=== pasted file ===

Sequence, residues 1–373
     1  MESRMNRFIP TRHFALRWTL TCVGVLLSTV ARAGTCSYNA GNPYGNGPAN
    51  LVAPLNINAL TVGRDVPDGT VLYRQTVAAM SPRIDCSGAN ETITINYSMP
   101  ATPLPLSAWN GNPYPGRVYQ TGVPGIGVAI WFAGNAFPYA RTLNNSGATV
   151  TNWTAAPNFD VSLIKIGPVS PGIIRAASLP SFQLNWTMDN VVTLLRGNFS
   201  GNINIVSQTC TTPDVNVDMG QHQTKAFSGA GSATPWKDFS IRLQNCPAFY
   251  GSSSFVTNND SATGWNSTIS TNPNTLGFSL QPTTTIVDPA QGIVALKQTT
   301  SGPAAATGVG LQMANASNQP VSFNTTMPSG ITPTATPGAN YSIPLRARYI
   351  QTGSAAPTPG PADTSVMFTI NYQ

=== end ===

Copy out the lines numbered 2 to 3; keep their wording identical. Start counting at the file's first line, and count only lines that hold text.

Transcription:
     1  MESRMNRFIP TRHFALRWTL TCVGVLLSTV ARAGTCSYNA GNPYGNGPAN
    51  LVAPLNINAL TVGRDVPDGT VLYRQTVAAM SPRIDCSGAN ETITINYSMP